Correlation of forearm vascular and catecholamine responses of hypertensive patients to baroreceptor stimulation

Fernandez, P.G.; Bolli, P.; Lee, C.

Canadian Journal of Cardiology 6(6): 229-235


ISSN/ISBN: 0828-282X
PMID: 2393834
Document Number: 366610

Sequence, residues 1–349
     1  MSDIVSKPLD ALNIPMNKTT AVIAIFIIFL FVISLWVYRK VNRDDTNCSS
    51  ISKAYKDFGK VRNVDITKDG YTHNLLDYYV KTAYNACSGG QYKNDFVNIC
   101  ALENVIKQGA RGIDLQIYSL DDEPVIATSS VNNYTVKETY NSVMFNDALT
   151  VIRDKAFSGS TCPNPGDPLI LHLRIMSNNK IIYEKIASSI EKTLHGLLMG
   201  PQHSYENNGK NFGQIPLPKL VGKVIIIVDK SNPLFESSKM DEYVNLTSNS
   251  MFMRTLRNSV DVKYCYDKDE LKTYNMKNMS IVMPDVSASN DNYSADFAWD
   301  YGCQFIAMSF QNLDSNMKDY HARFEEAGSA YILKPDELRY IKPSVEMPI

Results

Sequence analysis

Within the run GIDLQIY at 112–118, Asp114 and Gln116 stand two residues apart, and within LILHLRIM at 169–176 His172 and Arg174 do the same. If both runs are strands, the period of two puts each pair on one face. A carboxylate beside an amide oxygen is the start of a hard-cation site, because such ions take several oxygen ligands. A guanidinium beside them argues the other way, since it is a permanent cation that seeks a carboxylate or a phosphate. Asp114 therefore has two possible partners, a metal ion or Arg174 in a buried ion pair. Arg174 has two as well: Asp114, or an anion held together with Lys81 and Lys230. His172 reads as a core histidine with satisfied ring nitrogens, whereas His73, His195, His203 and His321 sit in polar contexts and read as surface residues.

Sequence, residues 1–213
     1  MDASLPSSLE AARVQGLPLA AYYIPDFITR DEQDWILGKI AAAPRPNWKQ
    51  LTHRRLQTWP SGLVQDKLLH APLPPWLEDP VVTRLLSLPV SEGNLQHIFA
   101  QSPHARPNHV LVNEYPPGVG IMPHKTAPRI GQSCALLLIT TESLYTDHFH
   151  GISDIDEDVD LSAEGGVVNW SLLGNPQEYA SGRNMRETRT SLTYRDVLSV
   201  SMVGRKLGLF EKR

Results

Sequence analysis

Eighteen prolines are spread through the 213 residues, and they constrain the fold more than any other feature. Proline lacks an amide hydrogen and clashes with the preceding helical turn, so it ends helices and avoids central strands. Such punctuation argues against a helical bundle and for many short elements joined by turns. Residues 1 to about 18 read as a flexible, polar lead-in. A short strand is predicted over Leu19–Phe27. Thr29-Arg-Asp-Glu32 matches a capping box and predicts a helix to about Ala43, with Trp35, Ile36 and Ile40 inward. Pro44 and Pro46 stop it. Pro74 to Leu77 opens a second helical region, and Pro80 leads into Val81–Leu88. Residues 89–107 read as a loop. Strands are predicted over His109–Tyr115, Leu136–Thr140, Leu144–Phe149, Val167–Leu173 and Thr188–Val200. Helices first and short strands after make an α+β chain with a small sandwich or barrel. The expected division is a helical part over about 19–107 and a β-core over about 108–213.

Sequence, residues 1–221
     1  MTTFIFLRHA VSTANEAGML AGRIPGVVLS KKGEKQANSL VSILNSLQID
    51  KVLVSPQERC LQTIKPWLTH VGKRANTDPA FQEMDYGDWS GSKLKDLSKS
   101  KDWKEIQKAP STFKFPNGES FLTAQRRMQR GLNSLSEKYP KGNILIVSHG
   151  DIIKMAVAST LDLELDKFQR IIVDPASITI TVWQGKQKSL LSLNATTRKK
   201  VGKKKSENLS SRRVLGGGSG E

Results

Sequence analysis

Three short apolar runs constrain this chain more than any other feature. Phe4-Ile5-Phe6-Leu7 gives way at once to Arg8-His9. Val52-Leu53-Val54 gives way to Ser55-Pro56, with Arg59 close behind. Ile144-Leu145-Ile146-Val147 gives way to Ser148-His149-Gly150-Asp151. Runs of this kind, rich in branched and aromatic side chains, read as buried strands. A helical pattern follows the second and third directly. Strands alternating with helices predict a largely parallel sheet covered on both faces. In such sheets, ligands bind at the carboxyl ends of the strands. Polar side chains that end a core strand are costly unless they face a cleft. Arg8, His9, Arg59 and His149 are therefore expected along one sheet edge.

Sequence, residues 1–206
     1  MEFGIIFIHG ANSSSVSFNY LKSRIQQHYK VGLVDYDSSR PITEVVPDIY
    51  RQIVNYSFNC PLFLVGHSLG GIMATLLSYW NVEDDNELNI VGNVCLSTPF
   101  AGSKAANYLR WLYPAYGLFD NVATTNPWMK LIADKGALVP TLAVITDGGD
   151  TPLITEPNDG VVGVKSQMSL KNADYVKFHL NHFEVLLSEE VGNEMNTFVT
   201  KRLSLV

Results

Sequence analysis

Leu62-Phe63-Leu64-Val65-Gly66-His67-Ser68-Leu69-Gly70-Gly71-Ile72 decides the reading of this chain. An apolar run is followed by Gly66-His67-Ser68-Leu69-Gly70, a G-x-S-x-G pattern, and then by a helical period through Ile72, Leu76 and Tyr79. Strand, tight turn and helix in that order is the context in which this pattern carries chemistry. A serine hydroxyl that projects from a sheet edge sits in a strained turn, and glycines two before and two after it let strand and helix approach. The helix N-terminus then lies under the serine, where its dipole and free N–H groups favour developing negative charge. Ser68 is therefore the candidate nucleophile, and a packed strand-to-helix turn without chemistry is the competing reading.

The relationship between changes in forearm vascular hemodynamics and plasma catecholamine levels during the performance of the Valsalva maneuvre by pretrained hypertensive patients was examined. Eleven mild to moderate hypertensives (supine diastolic pressures from 95 to 105 mmHg), experienced in the consistent performance of the Valsalva maneuvre, had their previous medications withdrawn over a period of one week and were then administered placebo twice daily for the next four weeks. At the end of this period, and 3 h after the last dose of placebo, each patient had a retrograde catheter inserted into an antecubital vein followed by a 30 mimn rest period in the supine position. Blood was sampled for resting catcholamine determination, followed by measurement of resting systolic and diastolic blood pressures together with forearm bloodflow. Each patient then performed the Valsalva maneuvre (40 mmHg, 40 s) with continuous recording of heart rate. Forearm bloodflow was again recorded after 25 s of straining while blood was sampled at the point of bradycardiac after straining. During a duplicate Valsalva maneuvre, systolic and diastolic blood pressures were recorded after 30 s of straining. All patients exhibited the appropriate heart rate responses to the Valsalva maneuvre (resting 76.+-.15 beats/min; tachycardia 101.+-.13, P<0.001; bradycardia (65.+-.18, P<0.01). Forearm bloodflow as reduced (P<0.001) during the maneuvre while mean arterial pressure (P<0.001), forearm vascular resistance (P < 0.001), plasma noradrenaline (P < 0.001) and adrenaline (P<0.05) levels were all increased. Percentage changes in forearm bloodflow and forearm vascular resistance resulting from the maneuvre were correlated (P < 0.05) with the corresponding changes in plasma noradrenaline levels, but there were no correlations between changes in catecholamine levels and either mean arterial pressure or heart rate. The results suggest that activation of baroreceptor reflexes by the Valsalva maneurvre induces increased sympathetic nervous system activity in the peripheral vascular beds, which is reflected in the changes of forearm vascular hemodynamics.

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